Ernest Dichter, a marketing psychologist and adviser to the tobacco industry, summed up the pleasures of smoking in his 'The Psychology of Everyday Living': "If we consider all the pleasure and advantages provided, in a most democratic and international fashion, by this little white paper roll, we shall understand why it is difficult to destroy its power by means of warnings, threats, or preachings. This pleasure miracle has so much to offer that we can safely predict the cigarette is here to stay. Our psychological analysis is not intended as a eulogy of the habit of smoking, but rather as an objective report on why people smoke cigarettes. Perhaps this will seem more convincing if we reveal a personal secret: We ourselves do not smoke at all. We may be missing a great deal." rite of passage?

I suppose this is why so many of us started smoking - the feeling that we might be missing something. My father was a smoker, the boys and men around me smoked, and it became a rite of passage. Before I knew it, and in what seemed to be a relatively short time in my life, I had reached three packs of cigarettes a day. From the occasional one after a drink, I was smoking from the time I woke in the morning until I fell asleep at night, most times with a cigarette. What is incredible is the insidiousness of the vice - even though I have become allergic to cigarette smoke, I still see myself in my dreams with a cigarette in my hand.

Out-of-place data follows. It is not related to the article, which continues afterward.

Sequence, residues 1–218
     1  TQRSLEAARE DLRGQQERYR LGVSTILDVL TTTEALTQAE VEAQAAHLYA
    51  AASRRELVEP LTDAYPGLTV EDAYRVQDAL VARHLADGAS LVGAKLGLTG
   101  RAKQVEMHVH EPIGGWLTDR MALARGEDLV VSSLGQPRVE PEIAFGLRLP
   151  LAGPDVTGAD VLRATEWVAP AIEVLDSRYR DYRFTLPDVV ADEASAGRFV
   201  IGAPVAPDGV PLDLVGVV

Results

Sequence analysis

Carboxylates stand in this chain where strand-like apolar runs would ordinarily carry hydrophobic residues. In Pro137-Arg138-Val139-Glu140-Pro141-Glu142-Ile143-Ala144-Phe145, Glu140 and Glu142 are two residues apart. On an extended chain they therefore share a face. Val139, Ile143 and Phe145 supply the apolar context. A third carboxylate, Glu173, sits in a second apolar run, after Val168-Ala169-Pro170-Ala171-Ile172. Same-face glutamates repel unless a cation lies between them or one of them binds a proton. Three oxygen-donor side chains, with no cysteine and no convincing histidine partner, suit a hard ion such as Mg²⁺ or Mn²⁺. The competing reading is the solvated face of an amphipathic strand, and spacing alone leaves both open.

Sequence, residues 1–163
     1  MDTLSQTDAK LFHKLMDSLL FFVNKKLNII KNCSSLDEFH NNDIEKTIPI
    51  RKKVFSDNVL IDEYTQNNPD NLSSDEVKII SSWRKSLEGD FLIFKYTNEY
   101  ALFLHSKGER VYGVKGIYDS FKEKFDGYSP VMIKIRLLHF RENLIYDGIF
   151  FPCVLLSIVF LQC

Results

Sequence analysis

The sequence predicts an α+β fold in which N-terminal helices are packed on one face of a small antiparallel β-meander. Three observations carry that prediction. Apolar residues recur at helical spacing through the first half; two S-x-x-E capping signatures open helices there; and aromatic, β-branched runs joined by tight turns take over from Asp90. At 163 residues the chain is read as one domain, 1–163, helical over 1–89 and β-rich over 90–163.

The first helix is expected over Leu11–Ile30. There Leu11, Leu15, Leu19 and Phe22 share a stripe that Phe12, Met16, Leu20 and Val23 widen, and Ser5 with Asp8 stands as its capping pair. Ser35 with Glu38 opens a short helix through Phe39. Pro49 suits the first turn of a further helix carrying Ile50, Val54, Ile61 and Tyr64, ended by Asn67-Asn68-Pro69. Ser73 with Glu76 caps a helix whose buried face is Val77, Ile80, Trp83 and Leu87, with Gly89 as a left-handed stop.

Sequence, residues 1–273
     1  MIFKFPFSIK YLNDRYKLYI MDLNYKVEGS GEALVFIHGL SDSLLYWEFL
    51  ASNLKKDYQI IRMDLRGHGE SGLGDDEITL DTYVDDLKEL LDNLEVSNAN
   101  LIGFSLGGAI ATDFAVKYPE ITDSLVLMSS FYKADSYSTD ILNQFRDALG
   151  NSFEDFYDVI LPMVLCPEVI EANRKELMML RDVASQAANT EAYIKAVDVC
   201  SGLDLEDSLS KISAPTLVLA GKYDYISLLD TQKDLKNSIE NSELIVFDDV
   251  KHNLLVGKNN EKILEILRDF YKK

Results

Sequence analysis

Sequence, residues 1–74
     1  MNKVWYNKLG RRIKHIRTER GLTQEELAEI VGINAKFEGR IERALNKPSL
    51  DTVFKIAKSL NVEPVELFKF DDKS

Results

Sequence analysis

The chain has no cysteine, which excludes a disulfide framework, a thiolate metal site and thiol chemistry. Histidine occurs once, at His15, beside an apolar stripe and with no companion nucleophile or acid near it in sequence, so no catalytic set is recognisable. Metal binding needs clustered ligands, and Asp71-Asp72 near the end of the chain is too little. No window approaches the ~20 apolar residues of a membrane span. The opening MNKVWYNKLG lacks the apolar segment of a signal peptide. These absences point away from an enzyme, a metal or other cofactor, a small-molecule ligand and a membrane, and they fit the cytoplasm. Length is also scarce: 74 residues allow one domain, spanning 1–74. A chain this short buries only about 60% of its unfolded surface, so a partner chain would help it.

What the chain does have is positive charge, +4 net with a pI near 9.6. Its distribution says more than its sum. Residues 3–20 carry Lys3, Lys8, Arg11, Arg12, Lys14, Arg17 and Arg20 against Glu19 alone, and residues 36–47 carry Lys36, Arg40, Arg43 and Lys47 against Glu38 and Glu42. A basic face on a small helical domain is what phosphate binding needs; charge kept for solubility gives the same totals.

I have become an anti-smoking militant like the pilot who told her passengers, "There is no smoking in the cabin on this flight. There is also no smoking in the lavatories. If we see smoke coming from the lavatories, we will assume you are on fire and put you out. This is a free service we provide. There are two smoking sections on this flight, one outside each wing exit. We do have a movie in the smoking sections tonight ... hold on, let me check what it is ... . Oh here it is; the movie tonight is Gone with the Wind."

A few weeks ago I got a cap from a colleague in the Turks and Caicos Islands. It did not advertise any clothing or sports shoe brand. It just said, 'BREAK THE TOBACCO MARKETING NET', and it provides a website address: www.who.int/tobacco/wntd. I found out that it was part of a WHO (World Health Organisation) marketing campaign on World No Tobacco Day (May 31, 2010) to control the epidemic of tobacco among women.

While the evidence shows plainly that knowing about the dangers of smoking does not really stop chronic smokers from continuing to spend their money on a habit that will eventually kill them, it is important to make the personal statement and commitment, as I did many years ago: "I will not smoke for the next minute." Eventually, the minute turned into an hour and then a day and now 35 years. I don't want any of my daughters or sons to smoke, but while Big Tobacco continues to have more money to spend on advertising than those who oppose them, I think the best message for the rest of us is that it is time to get off our butts.

Tony Deyal was last seen asking what's the best way to stop someone from smoking in bed? Get a waterbed and fill it with gasolene.

Original Article http://mobile.jamaica-gleaner.com/gleaner/20110416/cleisure/cleisure3.php